The main purpose of this thesis was to examine the relationship of pre-diagnostic circulating levels of sex-steroids (androgens and estrogens), sex hormone binding globuline (SHBG), insulin-like growth factor-I (IGF-I), IGF binding proteins (BP) and C-peptide (as a marker of pancreatic insulin secretion) with risk of ovarian and endometrial cancer. Additionally, the interrelationships of body mass index (BMI), sex-steroids, IGF-I and IGFBP-3 were examined. Two case-control studies were nested within 3 prospective cohort studies centered in New York (USA), Umeå (Sweden) and Milan (Italy). The ovarian study included 132 cancer cases. The endometrial study included 166 cancer cases in the IGF-I and C-peptide component and 124 postmenopausal cases in the sex-steroids component. For each case, two controls matching the case for cohort, age, menopausal status and date at recruitment were selected. In total 286 and 315 controls were included in the ovarian and endometrial cancer studies, respectively. Odds ratios (OR) and their 95% confidence intervals (CI) for cancer risk associated with increasing hormone concentrations were estimated by conditional logistic regression. The cross-sectional analysis was based on anthropometric and hormonal data from 620 controls selected for the two nested case-control studies. There was no association of prediagnostic androstenedione, testosterone, DHEAS, SHBG or estrone with ovarian cancer risk in the whole study population or in women who were pre- or postmenopausal at blood donation. In the premenopausal group, risk appeared to increase with increasing androstenedione (OR (95% CI) for the highest tertile: 2.35 (0.81-6.82), p=0.12). There was no association of IGF-I, IGFBP-1, 2, 3 or C-peptide concentrations with risk of ovarian cancer risk in the study group as a whole. In analyses restricted to subjects who had developed ovarian cancer at an early age (<55), circulating IGF-I was directly and strongly associated with risk (OR (95% CI): 4.74 (1.20-18.7), p<0.05 for the highest IGF-I tertile). In the endometrial study, previous observations were confimed that elevated circulating estrogens and androgens and decreased SHBG increase risk of developing endometrial malignancy after menopause. Multivariate ORs (95% CI) for endometrial cancer for quartiles with the highest hormone levels were: 4.13 (1.76-9.72), p<0.001 for estradiol; 3.67 (1.71-7.88), p=0.001 for estrone; 2.15 (1.05-4.40), p<0.04 for androstenedione; 1.74 (0.88-3.46), p=0.06 for testosterone; 2.90 (1.42-5.90), p<0.01 for DHEAS and 0.46 (0.20-1.05), p<0.01 for SHBG. Prediagnostic IGF-I, IGFBP-1, -2 and –3 were not related to risk of endometrial cancer in the whole study population. In postmenopausal women, levels of IGFBP-1 were inversely related to risk with an OR for the highest quartile of 0.36 (0.13-0.95), p<0.05. Endometrial cancer risk increased with increasing levels of C-peptide (p<0.01), up to an OR of 4.40 (1.65-11.7) for the highest quintile after adjustment for BMI and other confounders. The cross-sectional analyses showed that in both pre- and postmenopausal women SHBG decreased with increasing BMI. In the postmenopausal group, estrogens, testosterone and androstenedione increased with BMI, while the association with IGF-I was non-linear, the highest mean IGF-I concentration being observed in women with BMI between 24 and 25. In postmenopausal women, IGF-I was positively related to androgens, inversely correlated with SHBG, and was not correlated with estrogens. In conclusion, elevated pre-diagnostic sex-steroids, IGF-I or C-peptide increase risk of developing ovarian and endometrial cancer. BMI influences the circulating levels of these hormones, especially after menopause.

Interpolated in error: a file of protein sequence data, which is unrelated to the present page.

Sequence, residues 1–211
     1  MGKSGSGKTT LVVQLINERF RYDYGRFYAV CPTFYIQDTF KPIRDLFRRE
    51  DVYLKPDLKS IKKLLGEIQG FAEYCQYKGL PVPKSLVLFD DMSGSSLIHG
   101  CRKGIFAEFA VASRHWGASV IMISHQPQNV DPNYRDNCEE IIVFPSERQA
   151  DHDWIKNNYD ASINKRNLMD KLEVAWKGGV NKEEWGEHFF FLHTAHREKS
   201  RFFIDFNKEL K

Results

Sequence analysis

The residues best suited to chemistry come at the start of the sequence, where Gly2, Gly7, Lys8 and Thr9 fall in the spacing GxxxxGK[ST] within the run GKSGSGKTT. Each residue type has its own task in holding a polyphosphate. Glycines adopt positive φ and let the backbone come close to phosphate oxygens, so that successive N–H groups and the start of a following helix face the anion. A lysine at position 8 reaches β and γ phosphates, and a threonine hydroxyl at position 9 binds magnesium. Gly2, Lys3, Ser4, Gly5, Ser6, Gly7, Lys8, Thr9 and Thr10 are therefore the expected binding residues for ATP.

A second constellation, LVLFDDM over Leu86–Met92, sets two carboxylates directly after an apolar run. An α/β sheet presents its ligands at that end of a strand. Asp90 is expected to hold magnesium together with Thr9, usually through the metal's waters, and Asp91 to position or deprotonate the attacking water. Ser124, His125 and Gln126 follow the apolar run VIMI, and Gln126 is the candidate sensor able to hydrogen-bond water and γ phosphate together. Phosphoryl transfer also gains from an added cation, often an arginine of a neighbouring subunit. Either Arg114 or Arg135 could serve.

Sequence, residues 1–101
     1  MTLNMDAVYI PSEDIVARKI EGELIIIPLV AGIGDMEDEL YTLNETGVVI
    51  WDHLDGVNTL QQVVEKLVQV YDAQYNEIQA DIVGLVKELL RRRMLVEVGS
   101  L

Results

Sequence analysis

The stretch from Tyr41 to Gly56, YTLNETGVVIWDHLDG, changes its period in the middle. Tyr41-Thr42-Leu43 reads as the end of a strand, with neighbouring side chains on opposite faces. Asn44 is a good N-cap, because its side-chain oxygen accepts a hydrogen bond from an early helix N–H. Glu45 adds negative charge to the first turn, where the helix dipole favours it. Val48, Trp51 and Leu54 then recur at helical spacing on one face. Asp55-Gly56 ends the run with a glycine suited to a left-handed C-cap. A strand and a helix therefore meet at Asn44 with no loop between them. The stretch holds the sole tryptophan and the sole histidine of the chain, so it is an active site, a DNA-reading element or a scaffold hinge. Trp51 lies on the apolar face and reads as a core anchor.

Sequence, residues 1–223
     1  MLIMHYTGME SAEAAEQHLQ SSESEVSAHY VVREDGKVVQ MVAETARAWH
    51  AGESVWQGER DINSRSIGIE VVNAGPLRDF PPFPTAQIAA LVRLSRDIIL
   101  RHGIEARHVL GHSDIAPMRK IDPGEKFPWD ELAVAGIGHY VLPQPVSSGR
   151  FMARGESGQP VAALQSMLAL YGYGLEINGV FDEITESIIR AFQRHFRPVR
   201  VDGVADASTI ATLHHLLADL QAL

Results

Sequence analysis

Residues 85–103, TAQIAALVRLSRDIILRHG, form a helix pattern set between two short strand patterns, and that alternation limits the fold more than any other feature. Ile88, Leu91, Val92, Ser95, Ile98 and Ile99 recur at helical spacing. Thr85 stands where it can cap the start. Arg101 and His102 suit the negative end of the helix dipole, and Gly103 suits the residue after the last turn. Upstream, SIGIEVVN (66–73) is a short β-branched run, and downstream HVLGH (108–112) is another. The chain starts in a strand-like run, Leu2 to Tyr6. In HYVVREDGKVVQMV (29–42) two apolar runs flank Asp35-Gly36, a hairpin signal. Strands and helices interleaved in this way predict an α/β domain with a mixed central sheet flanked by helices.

100 p.
Umeå University medical dissertations, ISSN 0346-6612 ; 878
Public health, ovarian cancer, endometrial cancer, sex-steroid hormones, sex-hormone binding globulin, insulin-like growth factor-I, insulin-like growth factor bidning proteins, C-peptide, Folkhälsomedicin
National Category
Public Health, Global Health, Social Medicine and Epidemiology
Research subject
urn:nbn:se:umu:diva-215 (URN)91-7305-612-X (ISBN)
Public defence
2004-04-16, Hörsal E04, By 6E, Norrlands universitetssjukhus, Umeå, 09:00
Available from: 2004-03-23 Created: 2004-03-23 Last updated: 2010-08-06Bibliographically approved